Many states have a formalized process in which a couple who wishes to remain legally married but live in separate households can obtain what is called a legal separation.
In a sense, New Yorkers call also obtain a legal separation, but the process is a bit different than in other states.
The key difference is that New York courts do not recognize requests to be legally separated as opposed to divorced and, accordingly, will not make orders regarding property division, custody and the like when all a couple wants to do is legally separate.
Instead, in addition to living apart, the parties must be able to come to terms and draft and sign what is called a separation agreement. Separation agreements have to be in writing and they have to address all issues one would typically address in a divorce, such as property division, child support, custody and visitation, alimony, and the like. Other restrictions on separation agreements, and when a couple may enter in to one, may also apply.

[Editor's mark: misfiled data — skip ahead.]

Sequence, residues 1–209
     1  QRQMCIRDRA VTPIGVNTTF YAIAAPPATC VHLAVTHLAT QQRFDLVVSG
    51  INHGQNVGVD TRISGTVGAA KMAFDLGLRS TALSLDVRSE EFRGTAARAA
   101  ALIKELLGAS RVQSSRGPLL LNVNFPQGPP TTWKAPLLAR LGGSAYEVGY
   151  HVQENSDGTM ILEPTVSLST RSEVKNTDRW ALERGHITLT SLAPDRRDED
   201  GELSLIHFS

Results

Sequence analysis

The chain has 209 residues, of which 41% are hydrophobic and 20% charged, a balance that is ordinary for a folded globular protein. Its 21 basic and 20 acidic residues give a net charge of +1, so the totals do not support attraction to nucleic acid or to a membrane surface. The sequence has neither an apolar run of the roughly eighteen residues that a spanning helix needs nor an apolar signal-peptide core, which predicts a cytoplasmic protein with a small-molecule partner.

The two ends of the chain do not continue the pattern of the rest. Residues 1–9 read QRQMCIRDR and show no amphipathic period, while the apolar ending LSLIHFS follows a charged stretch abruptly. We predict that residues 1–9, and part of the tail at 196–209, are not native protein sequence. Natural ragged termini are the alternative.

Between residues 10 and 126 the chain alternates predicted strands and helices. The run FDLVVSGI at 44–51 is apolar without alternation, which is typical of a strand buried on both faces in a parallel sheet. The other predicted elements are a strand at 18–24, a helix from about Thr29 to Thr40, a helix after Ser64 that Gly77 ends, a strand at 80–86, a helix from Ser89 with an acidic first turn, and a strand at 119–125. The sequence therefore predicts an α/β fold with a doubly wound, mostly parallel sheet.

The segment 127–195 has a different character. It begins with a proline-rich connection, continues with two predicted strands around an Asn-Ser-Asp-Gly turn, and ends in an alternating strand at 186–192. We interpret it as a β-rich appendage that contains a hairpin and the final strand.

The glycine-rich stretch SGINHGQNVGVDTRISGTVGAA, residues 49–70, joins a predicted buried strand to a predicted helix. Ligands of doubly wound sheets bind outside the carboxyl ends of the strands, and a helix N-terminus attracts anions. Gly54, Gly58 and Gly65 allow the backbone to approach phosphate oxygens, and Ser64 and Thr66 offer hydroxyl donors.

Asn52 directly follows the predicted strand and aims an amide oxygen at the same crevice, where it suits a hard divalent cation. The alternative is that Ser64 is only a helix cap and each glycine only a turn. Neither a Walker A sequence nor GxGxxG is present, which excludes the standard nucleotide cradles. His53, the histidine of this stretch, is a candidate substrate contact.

While family law and divorce courts will not legally separate a couple themselves except in the case of an actual divorce, they are more than willing to enforce a valid separation agreement. A couple who has signed such an agreement can consider themselves legally separated and may remain so for so long they are both willing.
Legal separations may not be available to everyone. When they are available, it is important for parties to remember that their marriage to their spouse is not over, and, thus, neither is free to remarry. Still, there can be several financial and emotional advantages to a legal separation, even for those who have no moral or religious objections to divorce.